The term “psychosis” describes conditions that affect the mind, causing a loss of contact with reality or trouble deciding what is real and what is not. Psychosis can change a person’s thoughts, feelings, and behaviours. Periods when symptoms are more intense or frequent are called episodes.
Common symptoms of psychosis feel very real and include hallucinations, delusions (false beliefs), paranoia, or disorganized thoughts and speech. Other symptoms may include:
A significant change in “normal” personality or mood for a sustained period of time.
Changes in body movements, restlessness, or agitation.
Severe changes in sleep patterns or sleep disturbances.
Preoccupation with strange or unusual ideas.
Overpersonalizing events, songs, TV, and social media (having special meaning directed to the individual).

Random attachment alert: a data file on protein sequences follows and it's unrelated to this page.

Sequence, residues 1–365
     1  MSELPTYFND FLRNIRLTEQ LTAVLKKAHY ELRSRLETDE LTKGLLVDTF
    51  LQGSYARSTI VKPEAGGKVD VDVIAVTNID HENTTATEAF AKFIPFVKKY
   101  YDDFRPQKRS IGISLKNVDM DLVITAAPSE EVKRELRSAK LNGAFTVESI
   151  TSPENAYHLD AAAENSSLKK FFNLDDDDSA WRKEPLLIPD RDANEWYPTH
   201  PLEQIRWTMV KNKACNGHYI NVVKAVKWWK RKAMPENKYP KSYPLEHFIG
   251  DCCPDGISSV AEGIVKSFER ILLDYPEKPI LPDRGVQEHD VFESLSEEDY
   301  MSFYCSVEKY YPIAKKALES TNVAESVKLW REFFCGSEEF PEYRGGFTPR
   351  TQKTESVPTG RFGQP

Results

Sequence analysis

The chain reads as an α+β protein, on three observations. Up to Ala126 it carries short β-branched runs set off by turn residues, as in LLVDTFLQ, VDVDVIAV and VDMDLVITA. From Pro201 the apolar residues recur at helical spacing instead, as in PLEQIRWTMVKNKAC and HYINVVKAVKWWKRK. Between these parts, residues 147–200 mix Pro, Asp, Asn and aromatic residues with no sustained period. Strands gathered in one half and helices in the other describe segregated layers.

For more information, view the “Anatomy of Psychosis” information sheet, below.
“Early psychosis” or “first episode psychosis” means someone is experiencing psychosis for the first time. An estimated 3% of people will experience a psychotic episode at least once in their life.
Evidence shows that some forms of psychosis have to do with dysfunction in the brain’s neurotransmitters and/or genetics. Psychotic episodes can also be triggered by stress or by substance use.
The duration of an episode varies and depends on the person. It could be a few hours or days up to months or years without proper treatment or support. Most first episodes occur in the teen years or early adulthood.
Identifying and treating psychosis early can aid recovery and reduce duration, need for medication, and hospital stays.
This is particularly important for teenagers and young adults, because psychosis can disrupt relationships, work, and schooling, which can lead to additional problems—such as isolation, unemployment, substance abuse, depression, self-harm, or suicidal thoughts.